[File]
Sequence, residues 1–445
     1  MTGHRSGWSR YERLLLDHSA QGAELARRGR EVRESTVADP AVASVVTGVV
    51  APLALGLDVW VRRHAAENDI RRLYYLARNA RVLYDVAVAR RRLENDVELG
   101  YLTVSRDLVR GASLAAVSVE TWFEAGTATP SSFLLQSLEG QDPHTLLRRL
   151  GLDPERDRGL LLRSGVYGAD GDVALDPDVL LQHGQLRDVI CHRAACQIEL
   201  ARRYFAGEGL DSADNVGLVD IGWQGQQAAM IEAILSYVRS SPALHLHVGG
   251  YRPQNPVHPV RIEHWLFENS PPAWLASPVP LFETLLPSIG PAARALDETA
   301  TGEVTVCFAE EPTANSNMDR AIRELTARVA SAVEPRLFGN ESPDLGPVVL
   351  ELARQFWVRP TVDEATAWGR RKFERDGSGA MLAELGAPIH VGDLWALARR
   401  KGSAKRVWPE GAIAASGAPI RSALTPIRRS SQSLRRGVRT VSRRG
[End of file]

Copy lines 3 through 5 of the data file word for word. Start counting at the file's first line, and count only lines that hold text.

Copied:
    51  APLALGLDVW VRRHAAENDI RRLYYLARNA RVLYDVAVAR RRLENDVELG
   101  YLTVSRDLVR GASLAAVSVE TWFEAGTATP SSFLLQSLEG QDPHTLLRRL
   151  GLDPERDRGL LLRSGVYGAD GDVALDPDVL LQHGQLRDVI CHRAACQIEL